The UK’s Betting and Gambling Council (BGC) has responded to the Social Market Foundation’s (SMF) recently released report and proposed framework. In its response, the BGC warned that such arbitrary caps will lead to unwanted consequences as players will be incentivized to turn to black-market offshore operators.
This response comes after the SMF’s framework proposal of capping player spending to just £100 a month or £23 a week. The cap seeks to ensure that gambling does not exceed the poverty thresholds of lower-income households in the UK, ultimately leading to less gambling-related harm. The framework also targets gambling content as it prescribes an introduction of remote gambling system controls that are based around limits on stake and speed of play wherein online slot contents can be played with established limits of £1 to £5 per stake while non-slot contents, where similar limits would make the games financially unfeasible, should incorporate limits directly to the game’s design.
With such limits proposed, the regulator expressed its stand on the matter as it disagrees with the suggestion deeming it is an arbitrary random cap on spending. It also highlighted that currently, it can see no other areas of the economy wherein the government can determine how much an individual can spend.
The regulator also stressed that the government and other regulators must avoid measures that will lead players towards unregulated, offshore, illegal black market operators who are not under the same checks and balances, interventions, and high standards that apply to regulated BGC members. The regulator also stressed the importance of well thought out and evidence-led measures. It stressed that the inability to practice these when the review takes place will ultimately jeopardise over 100,000 jobs that the industry supports or the £3bn in tax revenues it generates.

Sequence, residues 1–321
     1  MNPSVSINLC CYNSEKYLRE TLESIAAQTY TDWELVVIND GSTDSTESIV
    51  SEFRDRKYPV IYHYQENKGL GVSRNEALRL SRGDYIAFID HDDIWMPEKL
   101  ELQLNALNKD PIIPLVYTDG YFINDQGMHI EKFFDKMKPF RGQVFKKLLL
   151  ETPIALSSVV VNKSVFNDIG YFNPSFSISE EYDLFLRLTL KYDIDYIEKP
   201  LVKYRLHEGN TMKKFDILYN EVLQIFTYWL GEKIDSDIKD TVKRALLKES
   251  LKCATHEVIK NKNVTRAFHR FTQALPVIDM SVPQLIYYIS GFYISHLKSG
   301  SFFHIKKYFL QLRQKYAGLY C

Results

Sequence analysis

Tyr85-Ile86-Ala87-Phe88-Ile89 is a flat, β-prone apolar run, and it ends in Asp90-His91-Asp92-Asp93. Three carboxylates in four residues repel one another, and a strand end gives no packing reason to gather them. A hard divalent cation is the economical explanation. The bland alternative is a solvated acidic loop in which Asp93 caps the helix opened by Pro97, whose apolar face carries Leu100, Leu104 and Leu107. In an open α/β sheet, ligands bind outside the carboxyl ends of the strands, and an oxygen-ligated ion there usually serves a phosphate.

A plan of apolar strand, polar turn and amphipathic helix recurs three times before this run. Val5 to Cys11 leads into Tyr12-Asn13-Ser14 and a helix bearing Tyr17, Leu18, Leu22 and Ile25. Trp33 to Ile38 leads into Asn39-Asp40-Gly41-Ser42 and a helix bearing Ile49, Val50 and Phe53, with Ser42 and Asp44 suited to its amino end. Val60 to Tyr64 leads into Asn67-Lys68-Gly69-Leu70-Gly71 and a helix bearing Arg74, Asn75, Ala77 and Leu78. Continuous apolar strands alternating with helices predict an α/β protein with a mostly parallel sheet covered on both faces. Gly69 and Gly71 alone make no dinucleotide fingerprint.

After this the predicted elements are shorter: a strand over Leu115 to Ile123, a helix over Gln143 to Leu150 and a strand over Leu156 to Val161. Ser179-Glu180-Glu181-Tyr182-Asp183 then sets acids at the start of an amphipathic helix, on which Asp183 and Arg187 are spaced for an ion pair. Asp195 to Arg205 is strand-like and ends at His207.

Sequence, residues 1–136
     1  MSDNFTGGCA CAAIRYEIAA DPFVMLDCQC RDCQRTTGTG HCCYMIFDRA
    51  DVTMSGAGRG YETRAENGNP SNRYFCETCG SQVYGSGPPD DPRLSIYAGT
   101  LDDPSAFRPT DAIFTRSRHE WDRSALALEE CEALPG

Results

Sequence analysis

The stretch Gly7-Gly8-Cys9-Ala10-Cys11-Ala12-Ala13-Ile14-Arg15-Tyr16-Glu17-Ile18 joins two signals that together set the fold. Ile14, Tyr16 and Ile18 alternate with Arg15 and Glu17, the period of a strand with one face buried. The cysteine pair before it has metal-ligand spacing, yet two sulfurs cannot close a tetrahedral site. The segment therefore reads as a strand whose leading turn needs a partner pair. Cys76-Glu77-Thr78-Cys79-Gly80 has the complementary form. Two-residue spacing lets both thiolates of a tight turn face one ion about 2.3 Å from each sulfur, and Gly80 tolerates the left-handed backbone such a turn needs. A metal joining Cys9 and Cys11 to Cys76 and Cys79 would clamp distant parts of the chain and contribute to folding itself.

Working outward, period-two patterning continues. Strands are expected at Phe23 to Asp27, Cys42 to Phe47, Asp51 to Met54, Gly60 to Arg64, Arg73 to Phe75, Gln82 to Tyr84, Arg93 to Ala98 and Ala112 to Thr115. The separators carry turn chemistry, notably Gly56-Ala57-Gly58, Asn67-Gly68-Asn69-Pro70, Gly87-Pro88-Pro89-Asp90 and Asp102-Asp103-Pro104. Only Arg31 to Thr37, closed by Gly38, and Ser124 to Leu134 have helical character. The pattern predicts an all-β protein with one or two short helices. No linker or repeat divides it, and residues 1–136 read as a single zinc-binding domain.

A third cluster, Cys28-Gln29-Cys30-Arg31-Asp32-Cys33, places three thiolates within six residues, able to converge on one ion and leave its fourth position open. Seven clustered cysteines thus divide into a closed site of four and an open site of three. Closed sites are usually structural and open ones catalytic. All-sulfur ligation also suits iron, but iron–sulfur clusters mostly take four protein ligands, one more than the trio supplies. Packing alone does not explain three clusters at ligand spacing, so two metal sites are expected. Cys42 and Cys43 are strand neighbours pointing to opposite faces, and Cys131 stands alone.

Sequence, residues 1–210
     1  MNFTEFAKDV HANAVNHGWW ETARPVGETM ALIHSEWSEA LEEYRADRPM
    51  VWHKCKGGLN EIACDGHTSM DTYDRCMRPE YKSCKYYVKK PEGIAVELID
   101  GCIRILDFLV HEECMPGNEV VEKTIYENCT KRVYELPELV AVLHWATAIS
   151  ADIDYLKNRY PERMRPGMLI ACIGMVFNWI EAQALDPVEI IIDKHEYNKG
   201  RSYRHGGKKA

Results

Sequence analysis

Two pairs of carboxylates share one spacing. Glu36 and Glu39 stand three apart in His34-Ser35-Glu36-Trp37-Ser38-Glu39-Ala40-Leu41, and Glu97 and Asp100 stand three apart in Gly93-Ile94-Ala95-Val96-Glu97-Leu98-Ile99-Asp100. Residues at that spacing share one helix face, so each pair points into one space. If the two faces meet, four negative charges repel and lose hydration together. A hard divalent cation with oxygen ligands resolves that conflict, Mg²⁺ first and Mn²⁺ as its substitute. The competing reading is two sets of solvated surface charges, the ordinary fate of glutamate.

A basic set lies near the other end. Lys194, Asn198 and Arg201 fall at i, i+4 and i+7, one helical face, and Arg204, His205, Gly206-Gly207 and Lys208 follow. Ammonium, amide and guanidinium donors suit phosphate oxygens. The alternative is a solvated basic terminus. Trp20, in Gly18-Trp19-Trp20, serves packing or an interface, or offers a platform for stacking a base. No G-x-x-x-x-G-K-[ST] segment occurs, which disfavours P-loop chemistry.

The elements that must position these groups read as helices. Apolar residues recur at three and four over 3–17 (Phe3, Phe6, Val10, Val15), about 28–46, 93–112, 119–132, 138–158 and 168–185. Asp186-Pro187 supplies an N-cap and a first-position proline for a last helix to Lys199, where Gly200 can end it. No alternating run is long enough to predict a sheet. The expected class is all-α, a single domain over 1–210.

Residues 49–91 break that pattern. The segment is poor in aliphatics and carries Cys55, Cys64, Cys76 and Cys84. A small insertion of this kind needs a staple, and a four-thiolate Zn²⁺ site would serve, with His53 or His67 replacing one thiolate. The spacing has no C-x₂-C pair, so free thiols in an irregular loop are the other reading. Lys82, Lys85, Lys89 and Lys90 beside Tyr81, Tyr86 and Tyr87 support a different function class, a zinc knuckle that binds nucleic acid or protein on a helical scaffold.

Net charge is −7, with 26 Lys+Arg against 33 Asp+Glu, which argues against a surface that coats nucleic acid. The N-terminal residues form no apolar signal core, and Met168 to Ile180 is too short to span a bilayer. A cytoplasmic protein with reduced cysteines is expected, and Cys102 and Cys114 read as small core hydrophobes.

Despite the regulator’s strong stance against the proposed caps, it did fully support some of the framework’s proposals as it has seen the authors’ determination to raise current standards. The regulator also welcomes the SMF’s acknowledgement of the BGC’s members’ active participation to drive higher standards, especially during the COVID-19 pandemic.
The regulator also lauded the framework, saying that it was a thoughtful study ahead of the Government’s review of the gambling act. It also welcomes the fact that the report rightly states that there is no evidence in a rise of problem gambling and that levels have been stable at around 0.7% for nearly two decades, in stark contrast to many prohibitionists who claim that problem gambling percentages are high and still increasing.
It also fully endorses the framework’s proposal of ending operators’ white label schemes and a mandatory British gambling kitemark as a sign of operators’ commitment to fairness, quality, and integrity. Also, the regulator would welcome an opportunity to lead on the development of the said kitemark.
Finally, the regulator emphasised the importance of the government’s review process in the incoming gambling act review, heavily stressing that an evidence-led approach must be used. It also stressed that the government should avoid the dangers of unintended consequences as it updates old regulations.